Dr. Carl Harris was the attending caregiver in the Wellmont ER Sunday night and their staff couldn’t have been more accomodating. Each member of his team was as intense and passionate about their work as any professional could be. Within moments, I was attended to by nurses, aides – all operating the best of equipment and thankfully…medication. From the EKG to the Cscan, I couldn’t have been in better hands – I was discouraged when he told me Arizona lost the big game though.

After examining my X-Rays with the family, Dr. Harris suggested that I meet with a urologist the very next day.

My kidney stone measured 7 millimeters and as he explained, most people can pass a 3 millimeter and mine was stuck right before the bladder. Most of my pain this evening was caused by the spasms as it tried to move from my kidney on down.

It was early Monday morning and I made no haste to review the paperwork neatly provided for me by the ER from the night before and I made a phone call to Dr. Kurt Ick at Kingsport Urology Group. I was greeted by a friendly voice and explained my situation. Within moments, I had a call back and an appointment in 30 minutes.

Surprised, I made my way to the campus of Indian Path Medical Center and upon my arrival there spoke with a young passionate urologist who was completely aware of my situation from the documents passed along from the previous night. Before my visit was complete, we had surgery scheduled the very next morning.

After reeling from the pain, I was admittedly in a state of disbelief (after all it was Groundhog’s Day), but eager to resolve the pain as quickly as I could. Even though the forecasters were calling for snow, it seemed I had a personal crew all dedicated to my attention and I prepared for the next day with anxiety and reservation.

Thankfully, there was no snowfall on Wednesday.

Since I was pre-admitted on Tuesday, it was only minutes before I was in a room with another gentleman of 88 years who was also in for kidney surgery.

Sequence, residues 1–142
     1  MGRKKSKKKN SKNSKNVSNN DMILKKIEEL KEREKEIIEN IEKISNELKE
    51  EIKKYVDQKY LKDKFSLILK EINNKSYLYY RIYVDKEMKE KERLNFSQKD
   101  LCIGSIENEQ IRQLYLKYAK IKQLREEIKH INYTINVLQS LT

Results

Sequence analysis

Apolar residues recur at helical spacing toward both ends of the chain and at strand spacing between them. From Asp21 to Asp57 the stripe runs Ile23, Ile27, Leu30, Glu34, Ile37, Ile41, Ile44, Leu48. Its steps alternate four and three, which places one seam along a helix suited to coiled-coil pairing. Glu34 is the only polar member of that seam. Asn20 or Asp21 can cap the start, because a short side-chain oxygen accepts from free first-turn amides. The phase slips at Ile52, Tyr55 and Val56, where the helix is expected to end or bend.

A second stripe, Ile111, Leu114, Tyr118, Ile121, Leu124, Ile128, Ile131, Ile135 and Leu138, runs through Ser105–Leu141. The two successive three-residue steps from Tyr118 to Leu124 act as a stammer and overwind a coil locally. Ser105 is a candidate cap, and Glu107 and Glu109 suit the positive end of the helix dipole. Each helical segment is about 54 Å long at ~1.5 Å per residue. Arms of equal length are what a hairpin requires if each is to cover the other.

Ben Cunningham was born in 1920 and a 40 year principal from Hawkins County. He seemed extremely optimistic about his surgery and we had some time to commiserate before the doctor led us off to the holding room.

The surgery for Kidney Stones is an out-patient function and only takes about an hour or so to perform. Although I saw Dr. Ick moments before my “cocktail” took effect, I was back in my room within a couple of hours – stone-free.

Before the day was over, I had seen plenty of alert and responsive professionals tending to my every need.

My nurse had one of the prettiest smiles I’ve ever seen and as I was preparing to leave shortly after lunch, she had given me a “Thank You” card – signed by everyone on my care team. Imagine that? The printed caption read, “Bringing Loving Care to Healthcare.” The card was signed by the surgery team, the holding crew, the short stay nurse and even the pre-admission folks had taken time to jot a note.

We really have something truly special here in East Tennessee and it’s an individual characteristic that runs through the hearts of our professionals right down to the organizations they work for.

I’ve learned alot about kidney stones over the past few days.

A lot of folks have stories that most often begin with a grimace. For me, I’m thankful for the quality of health care services, my friends and the folks who shared this experience with me. I’m still working on that diet too because once again – a regular habit of drinking water can sure help you stay off the gurney.

Thank you Kingsport health care professionals – you’re the best!